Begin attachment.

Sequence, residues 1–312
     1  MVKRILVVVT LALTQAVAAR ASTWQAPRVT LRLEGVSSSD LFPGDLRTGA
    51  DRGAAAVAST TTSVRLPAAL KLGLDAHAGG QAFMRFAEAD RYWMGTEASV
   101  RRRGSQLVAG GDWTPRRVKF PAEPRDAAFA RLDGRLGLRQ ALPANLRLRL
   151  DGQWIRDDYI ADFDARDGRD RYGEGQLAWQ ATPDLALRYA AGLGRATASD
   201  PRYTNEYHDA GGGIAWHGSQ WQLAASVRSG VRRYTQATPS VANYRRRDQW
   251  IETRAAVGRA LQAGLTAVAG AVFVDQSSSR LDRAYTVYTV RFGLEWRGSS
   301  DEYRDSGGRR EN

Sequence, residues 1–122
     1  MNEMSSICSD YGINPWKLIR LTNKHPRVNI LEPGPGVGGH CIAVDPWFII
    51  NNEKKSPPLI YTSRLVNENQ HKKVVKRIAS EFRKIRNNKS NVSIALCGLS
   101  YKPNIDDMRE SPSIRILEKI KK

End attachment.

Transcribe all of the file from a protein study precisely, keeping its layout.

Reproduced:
Sequence, residues 1–312
     1  MVKRILVVVT LALTQAVAAR ASTWQAPRVT LRLEGVSSSD LFPGDLRTGA
    51  DRGAAAVAST TTSVRLPAAL KLGLDAHAGG QAFMRFAEAD RYWMGTEASV
   101  RRRGSQLVAG GDWTPRRVKF PAEPRDAAFA RLDGRLGLRQ ALPANLRLRL
   151  DGQWIRDDYI ADFDARDGRD RYGEGQLAWQ ATPDLALRYA AGLGRATASD
   201  PRYTNEYHDA GGGIAWHGSQ WQLAASVRSG VRRYTQATPS VANYRRRDQW
   251  IETRAAVGRA LQAGLTAVAG AVFVDQSSSR LDRAYTVYTV RFGLEWRGSS
   301  DEYRDSGGRR EN

Sequence, residues 1–122
     1  MNEMSSICSD YGINPWKLIR LTNKHPRVNI LEPGPGVGGH CIAVDPWFII
    51  NNEKKSPPLI YTSRLVNENQ HKKVVKRIAS EFRKIRNNKS NVSIALCGLS
   101  YKPNIDDMRE SPSIRILEKI KK